This book is one of the outcomes of a European Science Foundation initiative ‘The Evolution of the Chemist, 1789-1939’ which comprised a series of workshops held in Canterbury, Dublin, Delphi and Frascati. Let me say at the beginning that the major strength of the book does lie in its European dimension, particularly in discussing chemistry in some of the ‘smaller’ countries in Europe about which I certainly learnt a great deal. However, as Knight points out in his extended preface (there not being an introduction), some countries are not discussed at length most notably the Netherlands (though briefly mentioned in Kragh’s Afterword), Switzerland and Austria-Hungary (both discussed to a limited extent in Homburg’s chapter on Germany), none of which receives a chapter or a mention in the index (which could have been fuller), and all of which possessed a strong scientific community during the period. On the other hand, Lithuania, which did not exist during this period, has a chapter to itself.
The position of Lithuania brings me onto my major problem with this book namely its organization. It is divided into ‘The big three’ (France, England/Britain, and ‘Germany’), ‘Medium developed countries’ (‘Italy’, Russia, Spain, Belgium, Ireland, and Sweden), and ‘On the periphery’ (Denmark/Norway, Portugal, Greece, Lithuania, and Poland). This typology, it seems to me, reflects the political history of Europe in very recent times rather than with how chemistry developed in Europe between 1789 and 1914, although some essays do deal with periods immediately before and after this.
I really do not see the reasoning behind letting Ireland have a chapter to itself, other than pandering to contemporary political correctness. Ireland, Scotland (which could with equal justification have had its own chapter), Wales, and England were, during the period covered by this book, part of the same political entity and possessed, though to perhaps a lesser extent, a similar academic identity. Indeed for the earlier part of the period it is not clear to me that England/Britain was one of the big three so far as chemistry is concerned. For that period, especially with Berzelius, Sweden was as productive of chemistry as England/Britain. Furthermore, the notion that Poland (which during this period was partitioned between Prussia, Austria-Hungary, and Russia) was on the periphery when Russia is in the group of ‘Medium developed countries’ seems ludicrous. The Russian province of Poland was, on the whole, one of the most prosperous parts of the Russian Empire. The province produced Marie Curie, née Sk?odowska, who while strictly speaking was a physicist, is however best known for discovering the chemical element radium.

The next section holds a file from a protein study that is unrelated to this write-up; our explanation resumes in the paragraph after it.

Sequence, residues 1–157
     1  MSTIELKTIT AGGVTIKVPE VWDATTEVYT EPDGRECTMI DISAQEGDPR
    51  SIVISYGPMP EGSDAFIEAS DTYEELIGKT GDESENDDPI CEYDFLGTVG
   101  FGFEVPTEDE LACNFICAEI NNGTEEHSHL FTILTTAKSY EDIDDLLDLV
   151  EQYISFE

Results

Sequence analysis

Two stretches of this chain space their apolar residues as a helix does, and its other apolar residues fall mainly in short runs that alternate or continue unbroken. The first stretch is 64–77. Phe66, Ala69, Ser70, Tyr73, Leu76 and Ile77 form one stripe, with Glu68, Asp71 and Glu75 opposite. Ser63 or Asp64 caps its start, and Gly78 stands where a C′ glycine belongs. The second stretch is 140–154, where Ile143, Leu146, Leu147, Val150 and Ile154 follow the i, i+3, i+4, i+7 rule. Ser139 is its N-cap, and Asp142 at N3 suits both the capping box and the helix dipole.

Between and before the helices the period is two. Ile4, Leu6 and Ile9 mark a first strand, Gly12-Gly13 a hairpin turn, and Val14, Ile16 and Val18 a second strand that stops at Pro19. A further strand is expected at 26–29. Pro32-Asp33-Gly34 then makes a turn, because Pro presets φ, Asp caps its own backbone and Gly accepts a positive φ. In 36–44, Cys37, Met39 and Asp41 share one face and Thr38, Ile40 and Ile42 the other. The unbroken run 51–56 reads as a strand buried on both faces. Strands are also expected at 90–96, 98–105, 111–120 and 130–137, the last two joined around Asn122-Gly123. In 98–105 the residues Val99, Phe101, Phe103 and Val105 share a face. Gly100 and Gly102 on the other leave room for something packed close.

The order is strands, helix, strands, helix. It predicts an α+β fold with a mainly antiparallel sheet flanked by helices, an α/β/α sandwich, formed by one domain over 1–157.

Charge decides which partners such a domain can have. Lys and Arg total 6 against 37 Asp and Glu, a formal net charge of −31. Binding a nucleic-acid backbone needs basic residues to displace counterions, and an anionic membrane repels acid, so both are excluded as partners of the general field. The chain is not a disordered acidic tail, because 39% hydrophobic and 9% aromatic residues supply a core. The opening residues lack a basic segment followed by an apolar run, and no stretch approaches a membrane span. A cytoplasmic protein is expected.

Similar comments could be applied to some of the other classifications. But the point is that while the conflicts and imperial dominations that occurred during the nineteenth and twentieth centuries may have been regrettable, they did, nevertheless, occur. The development of chemistry in Europe has to be viewed in the changing historical contexts of the period. To try and place them in terms of modern European political development, excellent on the whole though that is, is to be unhistorical.
In my view, instead of arranging the book in terms of size and countries, it would have been much better to view chemistry in terms of language and networks of chemists. The study of how chemistry was learnt by students from a wide range of nations at the major centers of chemical education that existed at various times and at places such as Gießen, Heidelberg, London, Paris etc. would have provided a much more pan-European view on the development of chemistry than is provided by this book. For example, the case of Henry Enfield Roscoe is illustrative of the career of a chemist in Europe. He studied first under Thomas Graham (a Scot) at University College London, before going, in the early 1850s, to Heidelberg in Baden where he took his PhD under Robert Bunsen. Thereafter he returned to University College briefly before becoming Professor of Chemistry at Owens College Manchester. During the 1850s, he spent the summers in Heidelberg undertaking pioneering photochemical work with Bunsen. It is clear from his writings that Roscoe viewed himself as part of a cohort of European chemists that had been trained by Bunsen. One also forms the impression that this was how the students of Liebig saw themselves. One of his Gießen students, August Hofmann, became the first head of the Royal College of Chemistry founded in 1846 in London. There he provided German style training for British chemists which certainly ensured that Britain did become one of ‘The big three’ in the latter part of the nineteenth century. In the 1860s, Hofmann returned to the German speaking countries when he became Professor of Chemistry in Berlin.